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Relief Aid Imperiled by Revelations of Sexual Abuse in the World’s Poorest Countries

A latrine project led and financed by Oxfam for displaced Haitians. (Getty)

by Joseph Braude

On February ninth, a front-page expose in London’s Times alleged that in the aftermath of Haiti’s devastating 2010 earthquake, senior staff at Oxfam — one of Great Britain’s foremost international relief organizations — paid Haitian women and possibly underage girls for sex. Among the alleged perpetrators was the chief of Oxfam’s operations in Haiti, Roland Van Hauwermeiren. Some of the crimes reportedly occurred in a villa which the charity had financed. The Times also alleged that Oxfam, after learning of the activity, sought to cover it up. The charges drew intense interest in the UK because Oxfam receives a substantial portion of its £408.6-million ($568.3-million) budget from the British government and its citizens.

In response, Oxfam condemned the crimes but initially denied attempting to conceal them. Further reporting confirmed, however, that Oxfam had failed to relay the facts with due transparency to the Charity Commission, the UK’s regulatory body for relief organizations. Nor had the group done much if anything to prevent Van Hauwermeiren and his fellow offenders from finding work at other charities after their departure from Oxfam. Amid the media frenzy driven by the Times story, Oxfam scrambled to implement quick reforms, only to face further accusations: Its staff may have similarly exploited women and girls on a 2006 mission to Chad, and a total of 268 claims of sexual exploitation and abuse have been made against the organization worldwide over the past nine years. Three days after the scandal broke, Oxfam deputy chief executive Penny Lawrence took full responsibility and resigned.

Subsequent fallout for the organization proved severe. The regulatory Charity Commission opened a formal inquiry, imperiling vast potential monies for Oxfam. The European Commission warned that it may halt its support altogether pending satisfactory reforms. Actress Minnie Driver and Archbishop Desmond Tutu quit their ambassadorial roles at the charity. Thousands of individual donors cancelled their payments. Though one Oxfam leadership figure decried the public outrage as “out of proportion to the level of culpability,” executive director Winnie Byanyima has adopted a posture of contrition. She pledged that the organization will “atone” and has begun to establish an independent commission of inquiry into the apparently broader institutional culture of sexual impropriety. Oxfam has also volunteered to stop bidding for UK government monies until it achieves ethical standards deemed satisfactory by the public.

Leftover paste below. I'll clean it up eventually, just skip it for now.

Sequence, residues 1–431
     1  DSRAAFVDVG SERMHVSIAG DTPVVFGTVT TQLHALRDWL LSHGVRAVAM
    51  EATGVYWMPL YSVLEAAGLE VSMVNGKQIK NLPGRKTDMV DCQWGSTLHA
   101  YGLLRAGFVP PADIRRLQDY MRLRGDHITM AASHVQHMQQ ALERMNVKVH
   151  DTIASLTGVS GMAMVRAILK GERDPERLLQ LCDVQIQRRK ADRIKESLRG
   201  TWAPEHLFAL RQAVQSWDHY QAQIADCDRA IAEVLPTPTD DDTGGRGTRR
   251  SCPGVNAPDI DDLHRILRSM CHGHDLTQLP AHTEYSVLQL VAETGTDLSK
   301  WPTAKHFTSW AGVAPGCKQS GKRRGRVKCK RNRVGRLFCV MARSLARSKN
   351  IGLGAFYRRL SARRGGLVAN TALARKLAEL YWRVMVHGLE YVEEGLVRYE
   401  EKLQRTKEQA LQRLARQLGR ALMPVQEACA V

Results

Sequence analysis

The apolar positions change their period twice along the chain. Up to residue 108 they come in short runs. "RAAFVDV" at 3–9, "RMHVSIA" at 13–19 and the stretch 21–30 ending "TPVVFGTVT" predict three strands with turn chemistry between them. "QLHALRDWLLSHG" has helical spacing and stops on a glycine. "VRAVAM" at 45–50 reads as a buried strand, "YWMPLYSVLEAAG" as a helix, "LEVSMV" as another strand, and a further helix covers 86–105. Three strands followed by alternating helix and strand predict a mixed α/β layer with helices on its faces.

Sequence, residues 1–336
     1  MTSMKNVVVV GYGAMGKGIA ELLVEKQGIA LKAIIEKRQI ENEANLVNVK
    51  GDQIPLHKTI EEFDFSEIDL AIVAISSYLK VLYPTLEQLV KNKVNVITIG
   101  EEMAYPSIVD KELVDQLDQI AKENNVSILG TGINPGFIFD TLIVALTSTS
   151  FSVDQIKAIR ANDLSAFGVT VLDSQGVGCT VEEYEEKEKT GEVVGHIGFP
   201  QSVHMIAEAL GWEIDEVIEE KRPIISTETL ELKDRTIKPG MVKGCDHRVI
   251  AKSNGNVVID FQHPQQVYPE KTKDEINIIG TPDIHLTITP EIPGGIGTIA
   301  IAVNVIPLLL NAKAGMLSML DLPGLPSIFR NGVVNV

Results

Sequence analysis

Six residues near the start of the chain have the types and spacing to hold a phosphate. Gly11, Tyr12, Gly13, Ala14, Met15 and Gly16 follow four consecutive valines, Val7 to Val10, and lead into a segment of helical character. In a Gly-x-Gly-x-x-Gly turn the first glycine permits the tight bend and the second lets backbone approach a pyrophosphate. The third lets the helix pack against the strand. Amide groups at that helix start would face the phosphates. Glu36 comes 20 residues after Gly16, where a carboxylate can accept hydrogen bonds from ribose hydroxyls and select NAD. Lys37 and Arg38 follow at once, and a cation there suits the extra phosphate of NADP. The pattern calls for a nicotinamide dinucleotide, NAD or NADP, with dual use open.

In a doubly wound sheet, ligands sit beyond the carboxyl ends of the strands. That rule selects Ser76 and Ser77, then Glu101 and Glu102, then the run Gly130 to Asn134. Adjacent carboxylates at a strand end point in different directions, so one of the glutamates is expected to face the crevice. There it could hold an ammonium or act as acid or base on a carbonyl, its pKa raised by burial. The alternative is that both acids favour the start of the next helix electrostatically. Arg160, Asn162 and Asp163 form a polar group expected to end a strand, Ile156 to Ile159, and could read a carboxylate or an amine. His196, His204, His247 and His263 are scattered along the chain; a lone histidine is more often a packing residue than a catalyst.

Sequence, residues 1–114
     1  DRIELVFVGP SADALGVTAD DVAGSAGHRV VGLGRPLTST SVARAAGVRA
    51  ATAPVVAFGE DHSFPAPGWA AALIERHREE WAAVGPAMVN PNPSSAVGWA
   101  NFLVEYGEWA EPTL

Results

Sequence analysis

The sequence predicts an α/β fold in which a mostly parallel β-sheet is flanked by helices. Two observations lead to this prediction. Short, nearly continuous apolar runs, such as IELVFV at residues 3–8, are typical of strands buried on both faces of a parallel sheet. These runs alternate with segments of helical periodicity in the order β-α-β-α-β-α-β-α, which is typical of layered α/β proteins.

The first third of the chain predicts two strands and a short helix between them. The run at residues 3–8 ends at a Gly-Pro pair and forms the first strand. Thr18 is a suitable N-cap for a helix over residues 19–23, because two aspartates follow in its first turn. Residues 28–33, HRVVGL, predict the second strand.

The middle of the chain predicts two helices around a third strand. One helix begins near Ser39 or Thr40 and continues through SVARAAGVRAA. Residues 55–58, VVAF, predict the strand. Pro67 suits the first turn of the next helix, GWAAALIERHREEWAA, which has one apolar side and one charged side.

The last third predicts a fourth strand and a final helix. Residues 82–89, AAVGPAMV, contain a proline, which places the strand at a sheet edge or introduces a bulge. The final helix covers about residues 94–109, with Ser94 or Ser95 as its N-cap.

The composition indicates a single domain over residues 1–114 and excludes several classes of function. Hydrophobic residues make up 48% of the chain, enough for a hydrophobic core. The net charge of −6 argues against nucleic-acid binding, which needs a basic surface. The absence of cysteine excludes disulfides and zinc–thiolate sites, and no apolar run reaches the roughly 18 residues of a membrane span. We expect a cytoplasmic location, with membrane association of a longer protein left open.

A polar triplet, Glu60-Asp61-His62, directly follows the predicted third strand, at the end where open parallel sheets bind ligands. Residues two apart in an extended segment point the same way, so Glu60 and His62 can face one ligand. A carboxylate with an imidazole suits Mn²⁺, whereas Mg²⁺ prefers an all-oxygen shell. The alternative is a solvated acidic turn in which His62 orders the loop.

New scandals meanwhile emerged at other charities. The medical relief organization Medicines Sans Frontieres (Doctors Without Borders) revealed on February 14 that it had dismissed 19 staffers over allegations of sexual harassment or abuse. The International Committee of the Red Cross (ICRC) acknowledged that 21 of its global team had quit or been fired over paying for sex as well. Plan International UK confirmed six cases of sexual abuse of children. The list went on to include a British landmine-clearing charity and the relief organizations Action Aid and Water Aid. Former Save the Children CEO Justin Forsyth resigned his post as deputy director of UNICEF after admitting that he had sexually harassed three female employees in the past. In each case, the number of confirmed offenders amounted to a sliver of the global team: Medicins, one of the world’s largest NGOs, comprises 40,000 doctors; ICRC employs 17,000 worldwide. Public anger exceeded these proportions, however, because the profile of perpetrators skewed toward upper levels of the hierarchy while victims included some of the most disadvantaged people in the world.

Oxfam CEO Mark Goldring (centre), Oxfam Chair of Trustees (left) and Executive Director of Oxfam, Winnie Byanyima, (right) arrive to face a select committee hearing at Portcullis House on February 20, 2018 in London, England. (Getty)